I met my very first industrial designer when I was about 16. Well, to be fair, he was really just a an 18 year old kid getting ready to go off to Pratt Institute in New York to study Industrial Design. Either way, as a career choice, it was something completely new to me. This kid was an artist. He liked to draw. Every scrap of paper in his sphere became a occasion to create something. He’d draw anything- people, places, things, animals- but the thing that really got him, the thing that was sending him off to New York that fall was drawing cars. He wanted to design cars.
Not being much of a car person, I couldn’t really understand the connection between art and cars. But, fast forward a few years, and I get it. I get the allure of a classic car, not just aesthetically, but emotionally. In other words, a really great car makes me think of really great adventures. It’s no accident that James Bond is known as much for his car as his jet-setting and world-saving. Luckily, I got hip to the art of cars just in time for Portland Art Museum’s current exhibition, Allure of the Automobile.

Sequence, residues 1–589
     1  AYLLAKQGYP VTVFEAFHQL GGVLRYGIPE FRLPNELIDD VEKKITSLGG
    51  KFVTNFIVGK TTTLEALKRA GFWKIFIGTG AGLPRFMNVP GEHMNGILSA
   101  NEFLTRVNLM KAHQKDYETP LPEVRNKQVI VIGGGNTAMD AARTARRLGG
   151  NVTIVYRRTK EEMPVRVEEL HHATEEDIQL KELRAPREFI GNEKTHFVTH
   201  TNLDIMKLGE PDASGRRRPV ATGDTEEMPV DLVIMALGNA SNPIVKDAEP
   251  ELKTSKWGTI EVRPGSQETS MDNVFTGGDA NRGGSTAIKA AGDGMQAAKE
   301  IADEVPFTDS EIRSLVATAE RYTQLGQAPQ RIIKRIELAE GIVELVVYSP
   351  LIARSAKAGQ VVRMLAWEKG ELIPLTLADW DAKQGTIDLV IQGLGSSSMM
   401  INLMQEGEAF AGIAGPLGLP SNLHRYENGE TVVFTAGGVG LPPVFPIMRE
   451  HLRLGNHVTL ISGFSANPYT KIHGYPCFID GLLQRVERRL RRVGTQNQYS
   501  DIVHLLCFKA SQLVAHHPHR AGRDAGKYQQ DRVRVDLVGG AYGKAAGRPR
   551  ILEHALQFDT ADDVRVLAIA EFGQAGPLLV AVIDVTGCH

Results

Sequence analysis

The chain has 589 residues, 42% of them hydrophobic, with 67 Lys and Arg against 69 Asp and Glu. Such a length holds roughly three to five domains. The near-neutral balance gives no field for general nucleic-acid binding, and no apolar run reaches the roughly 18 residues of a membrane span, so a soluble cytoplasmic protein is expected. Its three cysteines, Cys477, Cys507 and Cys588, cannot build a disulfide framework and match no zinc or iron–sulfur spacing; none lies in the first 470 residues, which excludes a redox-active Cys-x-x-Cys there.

The exhibit, which runs through September 11, is a celebration of car design, and its connection to many of the important design movements. There’s no doubting their place among other great designed objects.